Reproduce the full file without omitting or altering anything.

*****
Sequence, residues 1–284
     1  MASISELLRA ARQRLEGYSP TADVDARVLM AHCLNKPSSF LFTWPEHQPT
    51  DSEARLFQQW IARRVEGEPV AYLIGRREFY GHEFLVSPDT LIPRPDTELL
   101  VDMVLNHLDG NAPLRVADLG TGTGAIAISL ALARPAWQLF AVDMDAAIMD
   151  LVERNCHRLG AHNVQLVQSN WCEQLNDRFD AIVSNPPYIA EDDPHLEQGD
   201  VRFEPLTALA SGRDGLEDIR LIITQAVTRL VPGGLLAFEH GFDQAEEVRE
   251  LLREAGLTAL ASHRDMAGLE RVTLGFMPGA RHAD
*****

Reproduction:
Sequence, residues 1–284
     1  MASISELLRA ARQRLEGYSP TADVDARVLM AHCLNKPSSF LFTWPEHQPT
    51  DSEARLFQQW IARRVEGEPV AYLIGRREFY GHEFLVSPDT LIPRPDTELL
   101  VDMVLNHLDG NAPLRVADLG TGTGAIAISL ALARPAWQLF AVDMDAAIMD
   151  LVERNCHRLG AHNVQLVQSN WCEQLNDRFD AIVSNPPYIA EDDPHLEQGD
   201  VRFEPLTALA SGRDGLEDIR LIITQAVTRL VPGGLLAFEH GFDQAEEVRE
   251  LLREAGLTAL ASHRDMAGLE RVTLGFMPGA RHAD